The engagement of the community during the design and construction process is a remarkable contribution to social inclusion and knowledge transfer in this Holcim Awards winning project. Villagers of the Iratapuro River community in north-eastern Brazil collect and process Brazil nuts. They share the profits of extracted nut oil supplied to Natura, a cosmetics company.
Fitting the community needs in every aspect
Architect Gustavo Utrabo of Estúdio Gustavo Utrabo based in São Paulo was commissioned by Natura to plan and execute a development project for the local nut industry. The community spends three to five months in the forest collecting and cleaning Brazil nuts that have fallen from the trees, and another four months processing the nuts in the village. For the remaining three months, they have no income at all. So, Gustavo Utrabo involved local sin the building process to develop new skills and earn additional income in the off season.
Local materials and local labour cycles
It would have been extremely inconvenient and costly to transport machines and materials to the construction site. Forest lumber is used to create the building canopy and walls used to create functional bays are constructed from large mud bricks that use a mixture of local soil, a little cement, and sand from the river.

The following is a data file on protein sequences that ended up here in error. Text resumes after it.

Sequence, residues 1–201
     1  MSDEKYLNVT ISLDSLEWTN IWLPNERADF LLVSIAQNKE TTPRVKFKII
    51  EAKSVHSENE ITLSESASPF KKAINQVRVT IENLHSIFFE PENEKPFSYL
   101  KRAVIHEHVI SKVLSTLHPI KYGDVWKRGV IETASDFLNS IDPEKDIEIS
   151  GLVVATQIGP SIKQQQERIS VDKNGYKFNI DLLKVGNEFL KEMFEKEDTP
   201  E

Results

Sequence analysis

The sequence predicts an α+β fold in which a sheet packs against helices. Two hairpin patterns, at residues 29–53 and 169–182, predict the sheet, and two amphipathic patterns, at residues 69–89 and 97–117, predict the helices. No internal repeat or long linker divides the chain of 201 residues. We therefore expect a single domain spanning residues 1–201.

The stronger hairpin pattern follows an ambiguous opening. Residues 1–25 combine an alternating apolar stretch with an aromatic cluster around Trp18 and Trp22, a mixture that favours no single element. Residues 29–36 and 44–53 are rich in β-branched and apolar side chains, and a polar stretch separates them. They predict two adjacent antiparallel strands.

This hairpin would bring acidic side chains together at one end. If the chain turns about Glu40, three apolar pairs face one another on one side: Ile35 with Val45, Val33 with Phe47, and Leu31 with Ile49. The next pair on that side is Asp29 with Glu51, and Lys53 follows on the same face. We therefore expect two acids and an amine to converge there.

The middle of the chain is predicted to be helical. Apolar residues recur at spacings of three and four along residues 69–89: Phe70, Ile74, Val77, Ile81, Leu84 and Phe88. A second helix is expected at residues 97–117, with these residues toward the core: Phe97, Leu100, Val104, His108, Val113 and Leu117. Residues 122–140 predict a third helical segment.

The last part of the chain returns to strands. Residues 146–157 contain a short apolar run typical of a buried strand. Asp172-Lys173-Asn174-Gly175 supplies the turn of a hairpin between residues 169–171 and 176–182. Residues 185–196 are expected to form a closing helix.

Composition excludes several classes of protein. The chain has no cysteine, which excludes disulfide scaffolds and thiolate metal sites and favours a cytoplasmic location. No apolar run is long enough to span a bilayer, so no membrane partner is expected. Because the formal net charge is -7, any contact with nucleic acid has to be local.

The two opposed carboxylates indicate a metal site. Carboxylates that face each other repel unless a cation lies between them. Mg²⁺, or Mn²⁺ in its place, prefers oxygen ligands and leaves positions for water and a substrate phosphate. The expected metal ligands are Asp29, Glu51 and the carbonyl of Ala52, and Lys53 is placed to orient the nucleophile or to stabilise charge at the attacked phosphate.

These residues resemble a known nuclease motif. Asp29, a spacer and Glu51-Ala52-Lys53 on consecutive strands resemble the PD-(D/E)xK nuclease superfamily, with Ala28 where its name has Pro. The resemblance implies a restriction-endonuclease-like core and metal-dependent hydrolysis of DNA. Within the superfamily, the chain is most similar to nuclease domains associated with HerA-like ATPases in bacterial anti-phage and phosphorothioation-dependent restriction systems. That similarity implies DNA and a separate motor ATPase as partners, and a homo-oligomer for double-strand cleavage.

The thick walls ensure a pleasant climate, and the openness of the overall building provides high flexibility to accommodate any future changes the working environment may require.
An important aspect of many sustainable construction projects is the participatory design approach: The people who will use a building should be involved in its creation. In order to realize the full effect of this approach, architects sometimes have to embark on adventurous journeys.
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